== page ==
When the skin dissolves

The skin is considered the largest and most versatile organ of the human organism. It hinders pathogens and harmful substances from entering the body, protects our interior from mechanical injuries or hazardous radiation and prevents the body from loosing too much liquid or too many electrolytes. At the same time it regulates the body temperature, protects us against hypothermia with hair growth and against overheating by producing sweat in its embedded perspiratory glands. The skin is also a very sensitive sensory organ that registers diverse stimuli coming from the environment and forwards them to the nervous system.

But this very function as a buffer organ between the interior of the body and the environment also results in a high receptiveness for harmful influences from both the inside and the outside. Sick skin can generally be easily identified because it looks different from normal, healthy skin. Blisters, for instance, are a sure sign of skin damage.

In so-called bullous or blistering autoimmune dermatoses the blisters do not result from shoes that are too tight or from skin burns. They are caused by the persons own, misguided immune system producing antibodies against the proteins in the skin. These proteins are responsible for holding the cells and different layers of the skin together. If they are attacked by the immune system, however, these cell compounds dissolve and blisters appear on the skin and/or the mucous membranes. Autoimmune dermatoses are rare but severe skin diseases that affect up to 20 out of 1,000,000 inhabitants in Germany every year, depending on the form of disease.


In pemphigus the bond between the cells of the upper skin layer (epidermis) dissolves as a result of the immune reaction. The antibodies of the body are directed against the proteins desmoglein 1 and/or 3, which are important components of the cell bonding. In consequence, flaccid blisters filled with fluid form on the surface of the skin. These burst easily, leading to extensive weeping and painful wounds (erosions). In pemphigus foliaceus only the body skin is affected, whereas in pemphigus vulgaris also the mucous membranes, especially the sensitive mouth mucosa, are blistering. In paraneoplastic pemphigus the characteristic skin changes are associated with underlying tumour. This specific form of pemphigus can be indicated by the presence of antibodies against the protein family of plakins.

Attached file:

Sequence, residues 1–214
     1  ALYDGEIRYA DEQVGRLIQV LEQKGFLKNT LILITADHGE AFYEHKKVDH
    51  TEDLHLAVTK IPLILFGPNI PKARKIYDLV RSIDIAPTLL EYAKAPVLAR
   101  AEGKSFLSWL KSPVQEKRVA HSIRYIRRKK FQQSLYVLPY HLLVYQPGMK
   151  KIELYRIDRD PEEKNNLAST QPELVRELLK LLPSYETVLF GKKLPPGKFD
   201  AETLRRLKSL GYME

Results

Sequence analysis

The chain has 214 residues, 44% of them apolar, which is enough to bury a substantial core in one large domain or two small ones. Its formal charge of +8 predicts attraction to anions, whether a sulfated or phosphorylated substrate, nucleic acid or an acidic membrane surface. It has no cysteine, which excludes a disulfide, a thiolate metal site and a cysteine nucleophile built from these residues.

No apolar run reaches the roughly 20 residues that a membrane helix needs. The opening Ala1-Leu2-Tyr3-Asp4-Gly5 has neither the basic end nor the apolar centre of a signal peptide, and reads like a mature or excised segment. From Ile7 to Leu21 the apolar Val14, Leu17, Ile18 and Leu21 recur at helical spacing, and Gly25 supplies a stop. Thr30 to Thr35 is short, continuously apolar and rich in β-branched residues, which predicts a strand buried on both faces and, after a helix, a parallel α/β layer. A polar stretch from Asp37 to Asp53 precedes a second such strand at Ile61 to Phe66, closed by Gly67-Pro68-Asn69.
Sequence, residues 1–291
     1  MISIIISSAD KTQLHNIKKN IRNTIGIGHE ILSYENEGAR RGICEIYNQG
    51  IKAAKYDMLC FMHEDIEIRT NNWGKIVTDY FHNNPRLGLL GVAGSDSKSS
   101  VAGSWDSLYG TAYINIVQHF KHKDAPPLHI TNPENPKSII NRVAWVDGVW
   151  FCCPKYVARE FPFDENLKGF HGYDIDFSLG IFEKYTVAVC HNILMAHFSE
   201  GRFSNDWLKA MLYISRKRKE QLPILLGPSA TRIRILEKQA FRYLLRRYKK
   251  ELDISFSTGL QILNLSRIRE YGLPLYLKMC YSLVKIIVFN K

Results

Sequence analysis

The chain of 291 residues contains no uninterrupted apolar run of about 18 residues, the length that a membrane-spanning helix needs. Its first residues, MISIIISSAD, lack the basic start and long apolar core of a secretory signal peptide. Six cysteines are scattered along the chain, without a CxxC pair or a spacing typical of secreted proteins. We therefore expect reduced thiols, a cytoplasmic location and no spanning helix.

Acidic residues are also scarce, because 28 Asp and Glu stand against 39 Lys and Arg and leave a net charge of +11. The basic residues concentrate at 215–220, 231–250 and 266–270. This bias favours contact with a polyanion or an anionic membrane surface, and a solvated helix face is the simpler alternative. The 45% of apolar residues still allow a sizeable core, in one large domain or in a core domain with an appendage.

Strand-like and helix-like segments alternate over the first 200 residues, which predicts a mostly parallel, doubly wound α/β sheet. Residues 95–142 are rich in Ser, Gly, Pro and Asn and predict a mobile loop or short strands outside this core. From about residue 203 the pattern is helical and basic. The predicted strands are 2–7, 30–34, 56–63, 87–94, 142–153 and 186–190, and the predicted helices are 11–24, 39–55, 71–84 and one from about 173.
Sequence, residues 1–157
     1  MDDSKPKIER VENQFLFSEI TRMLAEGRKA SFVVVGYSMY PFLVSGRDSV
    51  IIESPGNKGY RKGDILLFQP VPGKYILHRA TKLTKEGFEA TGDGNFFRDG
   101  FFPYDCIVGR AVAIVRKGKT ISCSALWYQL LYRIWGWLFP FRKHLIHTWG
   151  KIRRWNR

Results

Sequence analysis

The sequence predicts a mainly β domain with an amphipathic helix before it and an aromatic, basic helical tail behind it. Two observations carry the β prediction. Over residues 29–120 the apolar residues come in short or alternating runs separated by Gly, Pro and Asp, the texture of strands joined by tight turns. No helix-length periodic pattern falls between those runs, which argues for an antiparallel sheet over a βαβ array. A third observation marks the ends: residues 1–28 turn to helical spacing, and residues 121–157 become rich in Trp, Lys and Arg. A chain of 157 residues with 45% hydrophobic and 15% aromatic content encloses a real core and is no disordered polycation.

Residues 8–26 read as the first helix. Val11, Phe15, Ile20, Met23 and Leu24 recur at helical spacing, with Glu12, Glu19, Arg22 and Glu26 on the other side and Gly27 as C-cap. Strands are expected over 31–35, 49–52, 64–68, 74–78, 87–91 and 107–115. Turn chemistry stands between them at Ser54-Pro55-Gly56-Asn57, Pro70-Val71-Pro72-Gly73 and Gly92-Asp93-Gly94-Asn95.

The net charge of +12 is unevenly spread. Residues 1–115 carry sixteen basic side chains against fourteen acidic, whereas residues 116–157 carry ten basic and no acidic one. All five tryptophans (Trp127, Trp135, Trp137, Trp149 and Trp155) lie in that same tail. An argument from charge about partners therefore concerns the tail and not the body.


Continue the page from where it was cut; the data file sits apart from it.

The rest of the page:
It is characteristic for pemphigus diseases that the formation of blisters can be provoked by slightly rubbing together the skin layers of apparently healthy skin (Nikolsky sign I). Final diagnosis is made by microscopic examination of a skin sample and the detection of the corresponding antibodies in the patient’s blood.

Pemphigoid diseases

Beside pemphigus, pemphigoid diseases are the second largest group of blistering autoimmune dermatoses. Here, antibodies are directed against the proteins that “glue” the epidermis to the underlying skin layer (dermis). As a result of the immune response, the skin layers become separated from each other.

In bullous pemphigoid (BP), which is the most frequent form of autoimmune dermatoses, tense blisters appear on the often irritated and itching skin. The mucous membranes are rarely involved. The diagnosis of BP is based on the microscopic examination of skin samples in addition to the clinical picture. Blood samples should be taken as well, since BP patients almost always exhibit antibodies against at least one of the proteins BP180 and BP230. In mucous pemphigoid, as the name implies, mainly the mucous membranes are affected. In addition to antibodies against BP180, these patients often show antibodies against another protein, laminin 332.

Epidermolysis bullosa acquisita (EBA)

EBA also belongs to bullous autoimmune dermatoses and has a similar clinical picture to BP. Instead of autoantibodies against BP180 or BP230, however, the disease is characterised by antibodies against collagen type VII. Collagen type VII is the main component of the so-called anchoring fibrils in the basal membrane, to which the epidermis is fixed. An immune response to the anchoring fibrils therefore also leads to the dissolution of the epidermis.

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